Based on a lot of more famous images of Paraisopolis, you would think there was extreme wealth next to extreme poverty. Wandering on the ground and talking to some folks in the municipality, it is clear that Paraisopolis is a highly developed favela with tons of work, economic activity, and social structures very well in place. The city has had an active role in upgrading a lot of it. Does it have to do with its proximity to the wealth right around it? At least they are not trying to redevelop it like Dharavi.

Sao Paulo. Periphery. Diadema

I tagged along with Tatiana as she visited an NGO working in the periphery in a place called Diadema. It had become a separate urban municipality right outside Sao Paulo and much of the housing stock was informal. We were visiting an NGO called Rede Cultural do Beija Flor. ( The place was flowing with creative energy, unlike almost anywhere I had seen. Between music, dance, art, and leadership development, this place had been taking a lot of kids off the streets and offering alternatives for a number of the other kids in the areas growing up in favelas. The results were extraordinary. They had built, designed and painted an entire complex. Youth could come there and spend all day. There were art and painting classes. Graffiti and other street artists would come and give work shops. All kinds of music was explored there, even the youngest kids were playing beautiful things. But some of the more extraordinary work seemed to be coming out of the high schoolers. They had a couple of projects going on. Many of them were heavily involved in breakdancing. With a deep and obvious connection to capoeira, many of these kids understand it in a different way, both physically, spiritually, and mentally. About a month before I had been there, they hosted one of the largest break dancing competitions in Sao Paulo. The scene was amazing. Check out the incredible moves. The youth produced this video:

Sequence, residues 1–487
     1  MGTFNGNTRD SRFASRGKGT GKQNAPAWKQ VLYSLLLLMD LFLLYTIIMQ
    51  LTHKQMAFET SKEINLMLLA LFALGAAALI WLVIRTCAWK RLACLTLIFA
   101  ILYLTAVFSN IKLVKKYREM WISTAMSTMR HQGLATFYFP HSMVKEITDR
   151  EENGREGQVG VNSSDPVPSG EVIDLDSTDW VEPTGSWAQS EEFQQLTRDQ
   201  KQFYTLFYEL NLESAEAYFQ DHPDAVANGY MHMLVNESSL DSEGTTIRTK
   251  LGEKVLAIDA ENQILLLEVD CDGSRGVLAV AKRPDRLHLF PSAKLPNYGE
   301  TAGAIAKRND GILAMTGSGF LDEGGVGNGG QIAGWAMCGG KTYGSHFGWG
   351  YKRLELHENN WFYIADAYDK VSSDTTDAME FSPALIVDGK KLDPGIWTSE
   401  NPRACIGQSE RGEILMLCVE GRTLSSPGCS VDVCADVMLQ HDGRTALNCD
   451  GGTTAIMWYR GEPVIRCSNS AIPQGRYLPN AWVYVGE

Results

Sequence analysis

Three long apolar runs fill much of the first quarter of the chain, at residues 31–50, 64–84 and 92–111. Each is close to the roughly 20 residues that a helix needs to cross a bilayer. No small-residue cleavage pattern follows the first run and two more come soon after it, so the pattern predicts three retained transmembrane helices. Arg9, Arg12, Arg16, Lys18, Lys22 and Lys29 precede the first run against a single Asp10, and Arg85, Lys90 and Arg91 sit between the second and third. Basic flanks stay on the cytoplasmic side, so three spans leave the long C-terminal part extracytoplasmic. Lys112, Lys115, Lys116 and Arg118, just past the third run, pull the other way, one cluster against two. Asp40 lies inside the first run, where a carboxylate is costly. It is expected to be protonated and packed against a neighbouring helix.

They were also working on multiple projects documenting and interviewing part of a community that had been living on a trash dump. You can check out some of their work here:
We went and visited a community these youth were working in. Some of the housing there was the worst I had seen. But the most extraordinary thing was the transition of the formal to the informal. In this case, it was represented by power lines. Along the road, there was a point where the municipal power line ended. And at point were about 100 lines attached to it with clamps, extending in a tangle all the way down the road, propped up by sticks and poles.
There are two words that have been on my mind much during my travels but resurfaced during this visit: CAPACITY and AGENCY. It was clear that finding unique and innovative ways to tap into people’s creativity is quite extraordinary. And while much of my focus has been on housing and buildings and how they can help increase capacity and agency, so much of the development of communities and people happens outside the realm of the built environment. Yet, it can still be enhanced by the built environment, and this was one place where that was happening.